The car was at a dealership in Litchfield CT, wasn’t an exotic car place, but even then, Litchfield wasn’t a “poor man’s” town. I do recall Hyatt in Westport (I had an MG as well). Chinetti was the Ferrari dealer in Greenwich, always worth a visit.

    Modena the Shop that took over Chinetti’s place in NYC had 2 short nose GTBs in 1974…they were 9 years old and in the middle of a recession were selling for $ 6K to 7.5 K so $ 12 to 20 K in CT seems EXTREME for a 6 year old car. 2 cam or 4 cam was not a big deal then…

    I used to see McQueen driving this in its original color, and later, with Guy Williams. I had no idea that this was the same car as the one McQueen had. $5~7M seems to be a bit low for a perfect 100 pt 275 GTB4 with a McQueen history. Also a big loss for the seller… I am pretty sure that it will go for more, and the seller will make a few points on his investment.

    So the current owner stands to lose every cent of the $6 million celebrity premium he paid for the car in 2014. I’m actually glad to see this happen…..partly due to jealousy, and partly as a lesson to those whose foolish spending negates any possibility that they actually worked and earned the money.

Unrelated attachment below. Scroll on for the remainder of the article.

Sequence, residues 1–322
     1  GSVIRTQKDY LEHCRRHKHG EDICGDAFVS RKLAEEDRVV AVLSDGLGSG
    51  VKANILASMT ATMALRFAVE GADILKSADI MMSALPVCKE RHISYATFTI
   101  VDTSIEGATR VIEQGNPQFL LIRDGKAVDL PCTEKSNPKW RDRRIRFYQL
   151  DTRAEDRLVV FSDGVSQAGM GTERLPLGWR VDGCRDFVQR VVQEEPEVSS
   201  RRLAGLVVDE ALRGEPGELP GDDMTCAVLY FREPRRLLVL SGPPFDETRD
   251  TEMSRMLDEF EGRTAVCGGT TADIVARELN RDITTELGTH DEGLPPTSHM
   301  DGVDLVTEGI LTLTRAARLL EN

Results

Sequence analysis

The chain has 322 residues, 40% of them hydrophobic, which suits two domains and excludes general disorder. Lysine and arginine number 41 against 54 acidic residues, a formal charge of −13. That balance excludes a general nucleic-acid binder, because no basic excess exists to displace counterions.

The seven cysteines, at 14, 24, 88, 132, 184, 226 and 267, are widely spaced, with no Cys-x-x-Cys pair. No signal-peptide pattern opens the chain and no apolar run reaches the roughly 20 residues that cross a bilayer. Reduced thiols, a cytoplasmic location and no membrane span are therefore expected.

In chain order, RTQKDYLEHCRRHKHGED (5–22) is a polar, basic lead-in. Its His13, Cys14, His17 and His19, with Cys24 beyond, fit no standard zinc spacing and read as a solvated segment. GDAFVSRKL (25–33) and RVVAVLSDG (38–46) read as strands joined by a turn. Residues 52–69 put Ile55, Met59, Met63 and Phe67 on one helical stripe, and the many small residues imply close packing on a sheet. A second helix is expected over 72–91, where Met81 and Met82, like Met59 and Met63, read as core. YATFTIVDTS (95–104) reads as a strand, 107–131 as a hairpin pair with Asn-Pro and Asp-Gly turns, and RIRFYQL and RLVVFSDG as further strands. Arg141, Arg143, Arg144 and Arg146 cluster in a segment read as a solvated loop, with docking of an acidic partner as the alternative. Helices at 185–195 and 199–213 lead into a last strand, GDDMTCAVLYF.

At this level of expenditure it helps to be a speculator who reasonably expects a return on resale that covers most if not all the cost of ownership. That way you get all the benefits of ownership for a period of time at little or no cost to you. Of course, as with any speculative investment, there is risk.

    All you guys want to talk about is the money! What about the car? It is beautiful! Completely restored by Ferrari!